My dad goes to the unemployment office. The lady says, “You went through the wrong door.” My dad goes out to the hall and looks up. He sees, “Colored only.” He goes to that door to the very same lady who sent him out. My dad went home to my mom and said, “This is BS. I’m going to California. I’m going to get me a job as a cook because I know I can get one there.”

Comes out here, walks around for two days, and the restaurants all tell him the same thing, “You don’t have any references,” which was code for, “We’re not going to hire you because you’re black,” except they were more polite about it.

My dad goes to the unemployment office, this time just one door, California was more progressive. And he took the first job he could get, which was cleaning toilets at Nabisco brand breads. He took a second full-time job cleaning toilets for a company called Barbara and Bread. He cooked for a family on the weekends to make conditional money and went to night school two or three nights a week to get his GED.

The man never slept. This is why he was cranky all the time. Talk about sleep deprivation, what it does to you, this is how this man operated. Not just month after month or year after year, decade after decade.

And as my dad is telling me this, Rob, he is getting bigger and bigger and Larry is getting smaller and smaller. Now I’m crying. I’m crying. I said, “Dad, please forgive me for having these feelings about you.”

And my dad put his hand up and said, “There’s nothing to forgive. You didn’t understand. Just, I want you and your brothers to follow the advice I’ve always given you. Hard work wins. You get out of life what you put into it. And Larry, you cannot control the outcome, but you are 100% in control of the effort. And before you whine about what somebody did to you or said to you, go to the nearest mirror and ask yourself, ‘What could I have done to change the outcome?’ And finally, no matter how good you are, how hard you work, bad stuff will happen. How you deal with that bad stuff will tell your mother and me if we raised a man.”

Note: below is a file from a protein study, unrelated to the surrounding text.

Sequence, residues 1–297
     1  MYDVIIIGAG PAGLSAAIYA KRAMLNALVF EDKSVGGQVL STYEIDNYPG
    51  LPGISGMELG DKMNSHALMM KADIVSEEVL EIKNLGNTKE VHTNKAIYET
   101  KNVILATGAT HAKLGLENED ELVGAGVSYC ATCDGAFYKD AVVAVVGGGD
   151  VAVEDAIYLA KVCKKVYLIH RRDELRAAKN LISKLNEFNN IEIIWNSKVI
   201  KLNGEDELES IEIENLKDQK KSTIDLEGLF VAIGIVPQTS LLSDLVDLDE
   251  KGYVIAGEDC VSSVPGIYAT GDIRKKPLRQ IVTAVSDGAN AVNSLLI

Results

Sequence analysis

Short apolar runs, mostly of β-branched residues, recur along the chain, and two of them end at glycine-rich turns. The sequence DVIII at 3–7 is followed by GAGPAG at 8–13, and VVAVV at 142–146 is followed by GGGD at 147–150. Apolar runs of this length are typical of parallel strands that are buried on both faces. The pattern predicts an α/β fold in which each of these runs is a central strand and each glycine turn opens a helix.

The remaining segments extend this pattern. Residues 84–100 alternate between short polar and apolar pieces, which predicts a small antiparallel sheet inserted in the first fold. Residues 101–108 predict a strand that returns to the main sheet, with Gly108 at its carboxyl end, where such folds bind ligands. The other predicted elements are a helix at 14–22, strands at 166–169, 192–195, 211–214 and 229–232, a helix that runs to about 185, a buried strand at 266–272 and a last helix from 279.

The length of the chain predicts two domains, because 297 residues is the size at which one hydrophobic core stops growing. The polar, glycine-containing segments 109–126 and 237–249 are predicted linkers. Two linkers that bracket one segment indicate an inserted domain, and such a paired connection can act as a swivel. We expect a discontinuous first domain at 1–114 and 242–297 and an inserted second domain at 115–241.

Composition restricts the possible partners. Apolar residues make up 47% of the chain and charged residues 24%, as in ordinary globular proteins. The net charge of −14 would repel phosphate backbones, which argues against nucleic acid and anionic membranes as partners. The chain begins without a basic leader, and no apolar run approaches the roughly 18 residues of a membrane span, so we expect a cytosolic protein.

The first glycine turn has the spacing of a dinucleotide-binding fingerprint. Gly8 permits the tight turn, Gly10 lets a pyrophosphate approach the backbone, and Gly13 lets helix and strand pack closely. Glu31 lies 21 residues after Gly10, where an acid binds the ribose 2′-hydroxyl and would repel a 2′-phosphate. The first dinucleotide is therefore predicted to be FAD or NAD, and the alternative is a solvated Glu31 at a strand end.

And my father, Rob, lifelong Republican and the reason, he said, is because “Democrats want to give you something for nothing. And when you try and get something for nothing, you almost always end up getting nothing for something.” And that’s my story and that’s my attitude and that’s why Larry’s the way Larry is.

Bluey: Larry, thank you so much for recounting that. Of course, I should mention that you’ve written a book called “A Lot Like Me: A Father and Son’s Journey to Reconciliation,” which is available and I would encourage our listeners to read it and hear more about your father and his influence on your life. Thank you so much for doing that.

By the way, hard work is a message that I took away when I watched “Uncle Tom.” And you were the executive producer of “Uncle Tom.” It’s just an incredible film. It includes interviews with so many successful black conservative thinkers.

I just have to ask, there was no way you could have anticipated we would be having this conversation in our country right now, but what went into putting this together? What inspired you to bring together these really successful individuals to tell their story?

Elder: Well, I can’t take credit for the idea. The idea was from the young director, whose name is Justin Malone. And he came to me a little more than two years ago with an idea to do a documentary called “Uncle Tom.” He wanted me to participate, to be one of the people featured in the movie.

So I agreed to interview him and I think we talked for maybe an hour, hour and a half. I really can’t even remember. And I had completely forgotten about it. And then a couple months went by and he contacted me and he said, “You remember me? I’m the guy that … ” And I barely remembered him because a lot of people interview me and a lot of people come with ideas and you never see them again. And so he came over and showed me the footage.